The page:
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Disadvantages of the Cold Rolling Process

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The cold rolling process is normally used in the production of sheet metal in the manufacturing industry. The procedure includes a sheet of metal or other type of stock being placed between two rollers and squeezed out to the other side. This compresses the sheet and makes it very smooth and dimensionally accurate. Several sizes and types of cold rolling can be applied to sheet metal. There are, however, disadvantages to the process of cold rolling itself.


In the hot rolling process, the metal is so hot that its heat takes care of any contamination problems. It burns away simple solid impurities, and can even boil away certain liquid impurities. Cold rolling does not have this advantage, so the parts of the machine that perform cold rolling must be cleaned, maintained and replaced frequently.

Energy Costs

It takes much more energy to roll a sheet of metal in cold rolling than it does for hot rolling. Heating up a sheet of metal makes the material more malleable, so when it is rolled between two rollers, it can form into a flat sheet much easier. A cold sheet of metal that is not heated up will be put through the rollers and have a higher amount of energy needed to push it through. Though there is less heating required, this is balanced out by the fact that it must be pushed through with more energy.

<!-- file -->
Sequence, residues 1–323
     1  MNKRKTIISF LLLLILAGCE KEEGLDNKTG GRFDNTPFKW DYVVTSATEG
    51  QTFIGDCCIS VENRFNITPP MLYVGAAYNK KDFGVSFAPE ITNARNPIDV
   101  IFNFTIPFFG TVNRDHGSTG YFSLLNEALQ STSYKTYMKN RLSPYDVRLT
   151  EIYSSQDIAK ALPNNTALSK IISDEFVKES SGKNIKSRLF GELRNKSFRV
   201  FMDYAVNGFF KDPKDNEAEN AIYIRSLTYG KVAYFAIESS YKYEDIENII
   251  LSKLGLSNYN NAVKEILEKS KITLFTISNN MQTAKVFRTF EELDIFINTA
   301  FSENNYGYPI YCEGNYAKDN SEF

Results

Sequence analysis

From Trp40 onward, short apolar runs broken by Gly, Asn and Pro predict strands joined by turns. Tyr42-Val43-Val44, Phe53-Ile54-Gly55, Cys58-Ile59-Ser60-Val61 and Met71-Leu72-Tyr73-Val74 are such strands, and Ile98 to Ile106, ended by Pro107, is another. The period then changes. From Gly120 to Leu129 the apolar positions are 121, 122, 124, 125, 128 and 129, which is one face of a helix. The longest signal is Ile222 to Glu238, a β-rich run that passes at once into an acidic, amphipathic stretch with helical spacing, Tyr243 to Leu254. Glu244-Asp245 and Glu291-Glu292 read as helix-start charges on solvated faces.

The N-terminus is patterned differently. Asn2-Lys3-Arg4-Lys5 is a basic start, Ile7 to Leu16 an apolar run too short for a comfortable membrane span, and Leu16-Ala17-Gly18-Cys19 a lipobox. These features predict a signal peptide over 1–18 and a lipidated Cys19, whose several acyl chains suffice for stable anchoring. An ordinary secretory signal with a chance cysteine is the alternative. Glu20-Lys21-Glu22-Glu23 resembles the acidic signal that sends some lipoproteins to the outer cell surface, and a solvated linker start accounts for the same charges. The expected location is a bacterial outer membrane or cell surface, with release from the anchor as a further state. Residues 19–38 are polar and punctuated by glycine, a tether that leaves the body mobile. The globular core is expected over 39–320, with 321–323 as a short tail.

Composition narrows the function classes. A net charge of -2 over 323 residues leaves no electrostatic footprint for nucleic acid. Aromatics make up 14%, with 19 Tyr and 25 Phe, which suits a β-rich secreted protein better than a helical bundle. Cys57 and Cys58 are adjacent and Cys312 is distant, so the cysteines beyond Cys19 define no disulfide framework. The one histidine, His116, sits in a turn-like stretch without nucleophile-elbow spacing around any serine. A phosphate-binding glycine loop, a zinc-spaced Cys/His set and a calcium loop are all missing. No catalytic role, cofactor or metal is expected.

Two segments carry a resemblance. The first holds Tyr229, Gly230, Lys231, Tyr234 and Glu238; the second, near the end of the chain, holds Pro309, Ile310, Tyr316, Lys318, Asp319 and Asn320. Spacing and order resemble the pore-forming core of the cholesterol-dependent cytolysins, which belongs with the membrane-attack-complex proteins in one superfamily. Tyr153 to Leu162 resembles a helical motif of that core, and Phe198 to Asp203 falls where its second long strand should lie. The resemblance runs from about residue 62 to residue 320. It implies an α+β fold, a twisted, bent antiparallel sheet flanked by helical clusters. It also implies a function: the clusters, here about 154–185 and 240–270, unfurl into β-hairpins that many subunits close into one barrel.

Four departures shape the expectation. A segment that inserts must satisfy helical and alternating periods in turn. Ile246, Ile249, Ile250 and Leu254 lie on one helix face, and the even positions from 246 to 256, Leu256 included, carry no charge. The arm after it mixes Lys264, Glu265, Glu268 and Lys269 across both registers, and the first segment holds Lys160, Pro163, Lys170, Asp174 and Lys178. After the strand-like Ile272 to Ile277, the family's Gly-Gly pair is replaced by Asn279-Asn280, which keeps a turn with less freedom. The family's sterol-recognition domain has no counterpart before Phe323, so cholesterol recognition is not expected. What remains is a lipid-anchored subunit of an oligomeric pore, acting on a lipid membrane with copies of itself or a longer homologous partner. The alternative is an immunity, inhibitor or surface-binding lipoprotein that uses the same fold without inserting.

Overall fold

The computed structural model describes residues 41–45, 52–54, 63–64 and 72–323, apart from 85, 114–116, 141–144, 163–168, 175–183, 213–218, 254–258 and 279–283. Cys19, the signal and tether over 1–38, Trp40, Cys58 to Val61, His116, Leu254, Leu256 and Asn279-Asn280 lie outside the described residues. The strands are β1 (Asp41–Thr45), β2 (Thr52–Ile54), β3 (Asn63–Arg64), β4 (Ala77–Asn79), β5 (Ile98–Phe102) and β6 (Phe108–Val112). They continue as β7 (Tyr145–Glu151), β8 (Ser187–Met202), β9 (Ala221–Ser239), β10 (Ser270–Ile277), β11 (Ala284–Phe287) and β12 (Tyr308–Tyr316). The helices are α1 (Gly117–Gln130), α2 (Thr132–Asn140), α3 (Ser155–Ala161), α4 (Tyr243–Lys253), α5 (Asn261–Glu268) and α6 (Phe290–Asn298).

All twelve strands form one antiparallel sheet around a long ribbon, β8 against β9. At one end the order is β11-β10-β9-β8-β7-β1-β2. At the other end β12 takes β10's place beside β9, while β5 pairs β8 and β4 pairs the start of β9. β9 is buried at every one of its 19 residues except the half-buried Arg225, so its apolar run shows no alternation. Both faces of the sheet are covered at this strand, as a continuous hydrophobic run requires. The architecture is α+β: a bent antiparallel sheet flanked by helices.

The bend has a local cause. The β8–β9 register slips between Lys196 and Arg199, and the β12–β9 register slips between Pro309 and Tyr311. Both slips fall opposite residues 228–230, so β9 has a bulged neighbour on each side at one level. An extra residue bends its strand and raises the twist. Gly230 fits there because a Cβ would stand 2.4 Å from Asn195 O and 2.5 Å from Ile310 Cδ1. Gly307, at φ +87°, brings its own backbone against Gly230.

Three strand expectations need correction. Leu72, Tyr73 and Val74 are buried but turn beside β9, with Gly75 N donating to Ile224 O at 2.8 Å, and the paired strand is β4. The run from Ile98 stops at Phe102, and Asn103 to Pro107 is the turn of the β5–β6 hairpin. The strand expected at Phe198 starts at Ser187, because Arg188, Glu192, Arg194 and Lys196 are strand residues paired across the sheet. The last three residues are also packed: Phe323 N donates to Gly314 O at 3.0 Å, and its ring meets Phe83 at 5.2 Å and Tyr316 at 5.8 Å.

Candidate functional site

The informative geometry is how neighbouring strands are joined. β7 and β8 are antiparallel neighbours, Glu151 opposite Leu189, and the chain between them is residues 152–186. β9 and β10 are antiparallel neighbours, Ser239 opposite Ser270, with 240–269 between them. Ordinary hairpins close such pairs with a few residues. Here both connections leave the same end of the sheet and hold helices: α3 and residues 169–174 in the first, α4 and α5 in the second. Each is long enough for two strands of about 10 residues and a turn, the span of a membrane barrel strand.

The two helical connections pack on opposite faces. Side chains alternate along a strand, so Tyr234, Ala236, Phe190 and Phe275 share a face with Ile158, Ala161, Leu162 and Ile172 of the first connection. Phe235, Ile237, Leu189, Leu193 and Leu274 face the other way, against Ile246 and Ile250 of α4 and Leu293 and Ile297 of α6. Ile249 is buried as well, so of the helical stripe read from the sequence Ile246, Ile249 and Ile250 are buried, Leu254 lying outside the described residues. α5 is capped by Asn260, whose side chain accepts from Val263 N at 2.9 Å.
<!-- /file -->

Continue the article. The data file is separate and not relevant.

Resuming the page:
Shape and Formation

After the sheet is rolled in cold rolling, it is much more difficult to do anything else with it afterwards. It may have localized buckling due to stress below a yield point. The weight of a cold rolled sheet of metal is also disadvantageous because it is thin with relation to its weight. It cannot hold up to a workload as well as a hot rolled sheet of metal because its physical structure is not as strong.


The cold rolling process is an expensive one, especially compared to the process of hot rolling sheet metal. For example, since cold rolling requires that workers frequently clean parts like the rollers, cold rolling has extra costs for any supplies needed to clean the parts, downtime while the parts are being cleaned and labor costs for the worker who does the cleaning. Also, the additional energy needed in the cold rolling process adds cost to the final product.


Jean Asta has been a freelance writer for domestic and international clients since 2005. She also acts as a training consultant to businesses and nonprofit organizations in the southeast United States. Asta holds a Master of Public Administration with a concentration in nonprofit management and a Bachelor of Arts in English literature, both from the University of Georgia.

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